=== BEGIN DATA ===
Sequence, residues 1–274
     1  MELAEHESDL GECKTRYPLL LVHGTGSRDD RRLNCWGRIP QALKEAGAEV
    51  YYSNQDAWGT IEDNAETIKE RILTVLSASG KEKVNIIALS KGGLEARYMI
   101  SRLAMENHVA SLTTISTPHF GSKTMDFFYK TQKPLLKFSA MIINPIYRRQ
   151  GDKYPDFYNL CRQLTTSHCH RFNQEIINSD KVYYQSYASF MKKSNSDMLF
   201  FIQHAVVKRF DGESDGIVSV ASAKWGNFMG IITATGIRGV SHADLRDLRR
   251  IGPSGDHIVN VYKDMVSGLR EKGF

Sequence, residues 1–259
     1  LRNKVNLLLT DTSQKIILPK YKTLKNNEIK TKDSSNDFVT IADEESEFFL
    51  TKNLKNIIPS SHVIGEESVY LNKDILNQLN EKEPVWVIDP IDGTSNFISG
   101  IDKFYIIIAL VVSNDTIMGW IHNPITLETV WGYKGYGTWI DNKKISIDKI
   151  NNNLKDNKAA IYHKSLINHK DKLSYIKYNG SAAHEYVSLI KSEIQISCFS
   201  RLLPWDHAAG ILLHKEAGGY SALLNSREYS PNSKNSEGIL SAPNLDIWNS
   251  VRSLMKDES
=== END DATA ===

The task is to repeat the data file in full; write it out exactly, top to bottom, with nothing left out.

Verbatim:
Sequence, residues 1–274
     1  MELAEHESDL GECKTRYPLL LVHGTGSRDD RRLNCWGRIP QALKEAGAEV
    51  YYSNQDAWGT IEDNAETIKE RILTVLSASG KEKVNIIALS KGGLEARYMI
   101  SRLAMENHVA SLTTISTPHF GSKTMDFFYK TQKPLLKFSA MIINPIYRRQ
   151  GDKYPDFYNL CRQLTTSHCH RFNQEIINSD KVYYQSYASF MKKSNSDMLF
   201  FIQHAVVKRF DGESDGIVSV ASAKWGNFMG IITATGIRGV SHADLRDLRR
   251  IGPSGDHIVN VYKDMVSGLR EKGF

Sequence, residues 1–259
     1  LRNKVNLLLT DTSQKIILPK YKTLKNNEIK TKDSSNDFVT IADEESEFFL
    51  TKNLKNIIPS SHVIGEESVY LNKDILNQLN EKEPVWVIDP IDGTSNFISG
   101  IDKFYIIIAL VVSNDTIMGW IHNPITLETV WGYKGYGTWI DNKKISIDKI
   151  NNNLKDNKAA IYHKSLINHK DKLSYIKYNG SAAHEYVSLI KSEIQISCFS
   201  RLLPWDHAAG ILLHKEAGGY SALLNSREYS PNSKNSEGIL SAPNLDIWNS
   251  VRSLMKDES